Anamorphine Review

Unfinished Symphony
Developer: Artifact 5 Publisher: Artifact 5 Platforms: PS4, PC

The indie video game scene has made huge strides and seen so many successes in representing issues of mental health lately that it hurts that much more when a game falls this far short

Video games as a medium have come a long way in recent years in exploring the human mind, in particular the psychological effects of trauma. The indie scene especially has started to produce some stellar works like Celeste and Hellblade that mix storytelling and game mechanics in ways that attempt to allow players to interpret and comprehend the nuances of mental health. Anamorphine, a game by a very small development studio Artifact 5, aspires to be named in this category of revolutionary experiences. It’s a mostly passive walking sim where the bulk of player interaction is moving through its spaces and holding gaze on specific objects, hoping to trigger the next sequence of events, and its ideas, though interesting, are simple in execution. Yet, it somehow crumbles under the weight of whatever modicum of ambition it has, undermining any chance at imparting a memorable message.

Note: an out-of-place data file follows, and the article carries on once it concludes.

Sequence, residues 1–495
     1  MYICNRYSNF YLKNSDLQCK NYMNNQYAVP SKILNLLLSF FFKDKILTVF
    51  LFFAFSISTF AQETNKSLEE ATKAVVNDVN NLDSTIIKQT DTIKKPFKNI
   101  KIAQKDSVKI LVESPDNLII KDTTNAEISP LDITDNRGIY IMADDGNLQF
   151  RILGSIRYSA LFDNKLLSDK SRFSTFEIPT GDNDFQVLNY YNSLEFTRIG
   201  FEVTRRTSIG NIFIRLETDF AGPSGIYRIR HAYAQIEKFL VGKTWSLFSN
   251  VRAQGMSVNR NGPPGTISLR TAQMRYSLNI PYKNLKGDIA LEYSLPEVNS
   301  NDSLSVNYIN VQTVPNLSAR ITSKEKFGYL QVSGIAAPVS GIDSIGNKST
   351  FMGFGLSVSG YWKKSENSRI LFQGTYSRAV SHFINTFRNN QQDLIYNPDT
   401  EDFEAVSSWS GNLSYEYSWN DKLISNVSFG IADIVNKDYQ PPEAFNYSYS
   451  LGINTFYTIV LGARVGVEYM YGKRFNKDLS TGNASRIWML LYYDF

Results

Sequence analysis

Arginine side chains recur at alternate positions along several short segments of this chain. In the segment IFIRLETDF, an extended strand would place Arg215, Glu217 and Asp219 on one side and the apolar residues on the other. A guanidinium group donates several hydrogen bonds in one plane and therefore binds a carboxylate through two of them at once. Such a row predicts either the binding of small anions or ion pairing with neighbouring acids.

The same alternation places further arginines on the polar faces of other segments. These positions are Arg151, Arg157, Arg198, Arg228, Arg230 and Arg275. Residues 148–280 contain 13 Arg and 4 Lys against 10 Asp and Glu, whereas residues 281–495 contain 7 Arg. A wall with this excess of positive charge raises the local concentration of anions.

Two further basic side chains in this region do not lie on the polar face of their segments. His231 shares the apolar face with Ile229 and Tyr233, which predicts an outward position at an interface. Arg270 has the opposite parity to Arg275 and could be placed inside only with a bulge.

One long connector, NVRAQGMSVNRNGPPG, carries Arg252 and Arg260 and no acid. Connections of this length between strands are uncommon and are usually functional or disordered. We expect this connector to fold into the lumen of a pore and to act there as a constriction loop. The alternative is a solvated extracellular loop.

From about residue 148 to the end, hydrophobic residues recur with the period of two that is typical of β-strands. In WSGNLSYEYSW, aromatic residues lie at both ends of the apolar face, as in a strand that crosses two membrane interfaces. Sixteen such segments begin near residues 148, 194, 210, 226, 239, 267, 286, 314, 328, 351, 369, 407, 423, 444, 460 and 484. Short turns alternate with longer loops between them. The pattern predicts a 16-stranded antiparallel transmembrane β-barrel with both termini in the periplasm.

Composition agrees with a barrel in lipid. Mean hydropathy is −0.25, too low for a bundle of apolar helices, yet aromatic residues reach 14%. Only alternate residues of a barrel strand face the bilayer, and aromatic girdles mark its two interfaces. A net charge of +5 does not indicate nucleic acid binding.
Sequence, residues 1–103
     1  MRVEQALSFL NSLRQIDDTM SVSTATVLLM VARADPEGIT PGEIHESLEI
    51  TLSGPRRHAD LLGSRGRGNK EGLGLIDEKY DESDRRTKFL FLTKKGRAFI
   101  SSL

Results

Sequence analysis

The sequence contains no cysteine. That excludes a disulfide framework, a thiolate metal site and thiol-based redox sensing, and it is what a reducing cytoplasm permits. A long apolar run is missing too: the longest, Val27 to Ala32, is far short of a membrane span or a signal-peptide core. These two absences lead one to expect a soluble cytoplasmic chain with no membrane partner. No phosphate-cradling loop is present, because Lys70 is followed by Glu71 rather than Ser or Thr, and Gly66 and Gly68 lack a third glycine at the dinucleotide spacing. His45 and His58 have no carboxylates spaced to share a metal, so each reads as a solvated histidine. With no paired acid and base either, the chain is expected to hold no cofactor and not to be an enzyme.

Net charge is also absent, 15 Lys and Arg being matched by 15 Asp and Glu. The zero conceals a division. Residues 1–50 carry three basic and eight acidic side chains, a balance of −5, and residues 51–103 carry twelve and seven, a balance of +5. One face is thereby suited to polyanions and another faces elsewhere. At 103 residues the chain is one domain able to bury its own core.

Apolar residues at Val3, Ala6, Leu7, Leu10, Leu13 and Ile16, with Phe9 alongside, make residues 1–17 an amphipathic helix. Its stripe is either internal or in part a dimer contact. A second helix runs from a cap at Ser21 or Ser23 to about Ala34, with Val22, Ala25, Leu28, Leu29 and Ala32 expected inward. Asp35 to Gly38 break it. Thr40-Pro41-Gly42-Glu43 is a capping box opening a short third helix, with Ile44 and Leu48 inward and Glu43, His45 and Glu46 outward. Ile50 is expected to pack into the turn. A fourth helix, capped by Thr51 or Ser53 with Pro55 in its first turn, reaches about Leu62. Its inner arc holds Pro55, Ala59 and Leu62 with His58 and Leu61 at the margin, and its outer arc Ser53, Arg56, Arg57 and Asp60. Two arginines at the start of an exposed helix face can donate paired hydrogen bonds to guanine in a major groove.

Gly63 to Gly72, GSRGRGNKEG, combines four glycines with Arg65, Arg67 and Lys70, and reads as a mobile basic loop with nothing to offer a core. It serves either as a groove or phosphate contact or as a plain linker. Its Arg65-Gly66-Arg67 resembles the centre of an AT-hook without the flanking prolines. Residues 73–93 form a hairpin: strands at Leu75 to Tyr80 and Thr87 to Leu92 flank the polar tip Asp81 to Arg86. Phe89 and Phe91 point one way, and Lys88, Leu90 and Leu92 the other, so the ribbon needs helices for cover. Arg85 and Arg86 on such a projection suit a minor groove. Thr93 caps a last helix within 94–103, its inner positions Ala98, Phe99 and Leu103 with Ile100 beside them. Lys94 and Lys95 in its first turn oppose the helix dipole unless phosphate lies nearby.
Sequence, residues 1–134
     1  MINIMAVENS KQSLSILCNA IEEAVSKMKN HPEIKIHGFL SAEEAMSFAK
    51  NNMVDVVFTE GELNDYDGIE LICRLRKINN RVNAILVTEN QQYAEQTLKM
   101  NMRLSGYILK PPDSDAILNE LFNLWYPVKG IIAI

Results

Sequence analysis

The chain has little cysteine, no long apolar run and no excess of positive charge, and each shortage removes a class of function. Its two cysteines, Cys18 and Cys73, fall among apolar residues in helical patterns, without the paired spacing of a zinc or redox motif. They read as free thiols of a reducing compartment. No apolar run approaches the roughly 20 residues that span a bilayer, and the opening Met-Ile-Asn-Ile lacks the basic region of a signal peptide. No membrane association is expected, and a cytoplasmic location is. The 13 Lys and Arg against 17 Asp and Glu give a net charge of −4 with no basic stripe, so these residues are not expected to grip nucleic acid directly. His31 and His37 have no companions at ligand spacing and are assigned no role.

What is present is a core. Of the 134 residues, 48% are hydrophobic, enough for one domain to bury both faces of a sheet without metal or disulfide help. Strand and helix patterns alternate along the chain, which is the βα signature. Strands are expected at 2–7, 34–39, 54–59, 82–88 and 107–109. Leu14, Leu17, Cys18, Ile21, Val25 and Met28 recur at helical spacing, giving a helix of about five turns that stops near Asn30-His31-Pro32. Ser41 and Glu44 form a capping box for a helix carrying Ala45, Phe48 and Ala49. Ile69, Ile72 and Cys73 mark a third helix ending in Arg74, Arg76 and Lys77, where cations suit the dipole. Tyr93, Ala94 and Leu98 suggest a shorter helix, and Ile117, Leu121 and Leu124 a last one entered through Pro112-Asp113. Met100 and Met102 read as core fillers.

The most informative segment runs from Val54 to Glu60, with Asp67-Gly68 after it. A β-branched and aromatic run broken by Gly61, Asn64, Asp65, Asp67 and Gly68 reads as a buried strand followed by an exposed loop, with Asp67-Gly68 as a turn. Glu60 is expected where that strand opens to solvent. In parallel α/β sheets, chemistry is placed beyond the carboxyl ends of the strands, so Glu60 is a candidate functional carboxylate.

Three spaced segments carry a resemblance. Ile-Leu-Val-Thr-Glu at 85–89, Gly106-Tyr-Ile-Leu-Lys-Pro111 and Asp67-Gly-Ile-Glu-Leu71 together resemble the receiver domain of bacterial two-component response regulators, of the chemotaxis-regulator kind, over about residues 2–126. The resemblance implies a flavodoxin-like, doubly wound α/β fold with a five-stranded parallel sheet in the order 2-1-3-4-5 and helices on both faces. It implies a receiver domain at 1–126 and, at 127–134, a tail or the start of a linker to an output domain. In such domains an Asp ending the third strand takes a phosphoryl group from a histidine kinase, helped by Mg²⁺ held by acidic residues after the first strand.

In Anamorphine you play as Tyler, a photographer who’s just moved into a new apartment in a new city with his partner Elena, a professional cellist. Before long, Elena falls victim to an accident that affects her ability to play, effectively ending her career and robbing her of her passion. The game strives to explore the effects of Elena’s tragedy on Tyler and the toll that her trauma and subsequent depression take on his own mental wellbeing. Over the course of the game, you’ll relive Tyler’s memories surrounding the tragic events and witness his own self-care depreciate as he tries to understand and combat Elena’s deteriorating mental state. Kudos to the team at Artifact 5 for attempting to tackle the subject matter from a relatively fresh perspective, and credit where credit’s due for (in my limited judgement) handling it with the proper care, but a number of glaring issues bring down the entire experience enough that any good is very quickly undone.

The game does offer up some cool imagery at times, but a game with as heavy a subject as this can’t and shouldn’t get by on cool imagery